Is strength more involved in football than rugby?
Rugby requires excellent spatial awareness and hand-eye coordination for catching the ball on the run, plus speed of thought for making split-second tactical decisions.Football also requires these skills, but your brain works that bit harder because it’s more challenging to receive and control a ball with your feet than with your hands.
Rugby players need the raw strength to body-tackle a person and bring them to the ground, or lift a fellow player in a line-out. In a scrum, a team can be resisting up to 800kg of weight with their bodies.Football requires a strong core for swift changes of direction and powerful leg muscles for jumping and explosive sprinting, but you won’t build the full-body strength you get from rugby.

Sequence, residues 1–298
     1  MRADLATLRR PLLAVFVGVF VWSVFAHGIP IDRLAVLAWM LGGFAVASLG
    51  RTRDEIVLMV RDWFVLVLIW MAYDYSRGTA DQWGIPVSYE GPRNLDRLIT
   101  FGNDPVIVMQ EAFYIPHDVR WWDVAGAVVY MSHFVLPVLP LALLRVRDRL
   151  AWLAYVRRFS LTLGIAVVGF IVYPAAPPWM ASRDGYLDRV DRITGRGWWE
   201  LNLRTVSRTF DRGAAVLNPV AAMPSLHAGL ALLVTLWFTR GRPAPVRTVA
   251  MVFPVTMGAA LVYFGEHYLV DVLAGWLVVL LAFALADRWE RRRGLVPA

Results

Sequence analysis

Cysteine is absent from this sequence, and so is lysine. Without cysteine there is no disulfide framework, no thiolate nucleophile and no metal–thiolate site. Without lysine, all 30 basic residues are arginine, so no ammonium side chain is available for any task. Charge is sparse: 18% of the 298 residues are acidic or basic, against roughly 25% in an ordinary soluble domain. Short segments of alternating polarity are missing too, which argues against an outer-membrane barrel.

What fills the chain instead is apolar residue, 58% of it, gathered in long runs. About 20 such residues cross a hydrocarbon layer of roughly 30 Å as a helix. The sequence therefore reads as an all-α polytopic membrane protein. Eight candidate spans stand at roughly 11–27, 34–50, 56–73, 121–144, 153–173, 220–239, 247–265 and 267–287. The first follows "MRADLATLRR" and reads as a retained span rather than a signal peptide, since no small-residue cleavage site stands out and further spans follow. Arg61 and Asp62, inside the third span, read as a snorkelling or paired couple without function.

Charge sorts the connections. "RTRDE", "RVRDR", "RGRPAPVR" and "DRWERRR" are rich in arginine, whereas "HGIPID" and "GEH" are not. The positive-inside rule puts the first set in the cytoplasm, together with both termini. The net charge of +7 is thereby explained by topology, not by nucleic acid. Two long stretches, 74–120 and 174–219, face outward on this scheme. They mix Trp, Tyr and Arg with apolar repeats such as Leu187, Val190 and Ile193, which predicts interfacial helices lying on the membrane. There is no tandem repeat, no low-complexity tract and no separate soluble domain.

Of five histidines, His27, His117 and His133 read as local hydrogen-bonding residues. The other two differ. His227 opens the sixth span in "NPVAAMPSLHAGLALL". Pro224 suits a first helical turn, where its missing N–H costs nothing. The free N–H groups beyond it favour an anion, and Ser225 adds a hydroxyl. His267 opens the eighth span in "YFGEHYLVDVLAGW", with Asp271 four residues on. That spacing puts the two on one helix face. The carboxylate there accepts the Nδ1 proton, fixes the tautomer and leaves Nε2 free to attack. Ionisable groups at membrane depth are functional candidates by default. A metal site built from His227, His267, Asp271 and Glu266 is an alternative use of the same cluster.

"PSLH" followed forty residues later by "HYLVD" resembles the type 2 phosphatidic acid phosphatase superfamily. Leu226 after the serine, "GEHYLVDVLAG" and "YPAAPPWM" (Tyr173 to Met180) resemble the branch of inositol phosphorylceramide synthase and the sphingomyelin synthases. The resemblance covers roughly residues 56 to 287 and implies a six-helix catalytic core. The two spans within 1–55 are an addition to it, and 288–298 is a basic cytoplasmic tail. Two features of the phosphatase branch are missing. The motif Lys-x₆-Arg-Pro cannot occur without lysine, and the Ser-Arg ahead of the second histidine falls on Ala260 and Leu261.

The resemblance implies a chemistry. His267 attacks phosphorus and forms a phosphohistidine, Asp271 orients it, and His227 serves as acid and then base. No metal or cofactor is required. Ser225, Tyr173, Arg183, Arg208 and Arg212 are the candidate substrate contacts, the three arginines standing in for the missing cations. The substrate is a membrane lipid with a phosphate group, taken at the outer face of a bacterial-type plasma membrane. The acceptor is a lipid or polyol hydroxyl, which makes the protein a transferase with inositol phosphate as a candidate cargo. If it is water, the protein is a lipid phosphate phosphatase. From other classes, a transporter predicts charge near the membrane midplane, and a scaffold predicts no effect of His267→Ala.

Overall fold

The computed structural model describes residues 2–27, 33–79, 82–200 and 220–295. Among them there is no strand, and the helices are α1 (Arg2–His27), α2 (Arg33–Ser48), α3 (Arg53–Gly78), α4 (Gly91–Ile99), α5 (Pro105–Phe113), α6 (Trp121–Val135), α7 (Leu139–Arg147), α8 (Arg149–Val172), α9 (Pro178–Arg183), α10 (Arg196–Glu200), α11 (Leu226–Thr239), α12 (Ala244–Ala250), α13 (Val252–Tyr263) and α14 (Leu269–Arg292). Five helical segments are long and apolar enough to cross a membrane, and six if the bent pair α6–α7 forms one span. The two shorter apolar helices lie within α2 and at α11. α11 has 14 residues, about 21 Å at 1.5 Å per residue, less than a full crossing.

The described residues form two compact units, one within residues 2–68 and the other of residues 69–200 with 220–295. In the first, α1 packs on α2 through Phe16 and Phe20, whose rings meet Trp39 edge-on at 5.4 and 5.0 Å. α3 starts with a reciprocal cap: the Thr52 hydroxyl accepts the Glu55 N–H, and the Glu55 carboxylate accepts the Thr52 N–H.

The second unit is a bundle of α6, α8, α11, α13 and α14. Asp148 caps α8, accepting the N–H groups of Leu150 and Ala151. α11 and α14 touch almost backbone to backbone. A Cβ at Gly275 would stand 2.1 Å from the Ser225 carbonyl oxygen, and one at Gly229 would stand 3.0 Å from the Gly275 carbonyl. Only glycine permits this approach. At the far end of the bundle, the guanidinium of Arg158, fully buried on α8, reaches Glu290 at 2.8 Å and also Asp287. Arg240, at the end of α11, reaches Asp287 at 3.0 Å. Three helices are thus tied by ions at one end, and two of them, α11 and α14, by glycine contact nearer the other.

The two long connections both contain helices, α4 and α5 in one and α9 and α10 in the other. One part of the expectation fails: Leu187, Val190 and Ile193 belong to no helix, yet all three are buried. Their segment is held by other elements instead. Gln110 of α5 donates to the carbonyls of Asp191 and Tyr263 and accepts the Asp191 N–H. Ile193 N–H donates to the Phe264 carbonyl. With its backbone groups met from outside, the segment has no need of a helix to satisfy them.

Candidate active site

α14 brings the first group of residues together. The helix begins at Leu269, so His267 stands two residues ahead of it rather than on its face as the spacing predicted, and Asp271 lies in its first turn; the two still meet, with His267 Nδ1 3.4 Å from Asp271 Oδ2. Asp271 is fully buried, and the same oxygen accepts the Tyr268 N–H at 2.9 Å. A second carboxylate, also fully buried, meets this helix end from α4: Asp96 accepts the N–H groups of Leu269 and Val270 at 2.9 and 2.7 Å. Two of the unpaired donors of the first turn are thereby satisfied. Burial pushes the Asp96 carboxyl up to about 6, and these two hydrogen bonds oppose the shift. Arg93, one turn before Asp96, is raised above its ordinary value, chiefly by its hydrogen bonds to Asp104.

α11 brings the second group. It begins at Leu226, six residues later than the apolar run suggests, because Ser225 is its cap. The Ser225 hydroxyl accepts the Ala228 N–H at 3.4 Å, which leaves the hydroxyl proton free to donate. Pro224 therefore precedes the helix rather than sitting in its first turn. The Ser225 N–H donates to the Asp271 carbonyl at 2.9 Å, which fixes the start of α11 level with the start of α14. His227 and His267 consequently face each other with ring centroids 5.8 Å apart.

The aggressive contact nature of rugby means your risk of injury from tackles and scrums is relatively high. This can range from cuts and bruises up to more serious head and neck injuries.Football injuries are more likely to occur from overuse, rather than from contact. Achilles and patellar tendon injuries are common, as well as anterior cruciate ligament injuries in the knee.
It really depends on how you like to get your kicks, but if it’s 80 minutes of mud, sweat and being leapt on by several people at the same time, then rugby is your game.Football is a little more civilised when it comes to tackling, but 90 minutes of intense exercise and the thrill of scoring a goal give an unbeatable natural high.
An 11st person burns 700 calories an hour playing rugby, and it often requires players to sprint immediately after hard, physical contact such as making or receiving a tackle.Football is a longer game and has fewer breaks, but burns fewer calories (630 an hour for an 11st person). Footballers also need the endurance, agility and flexibility of rugby players, so it’s a draw.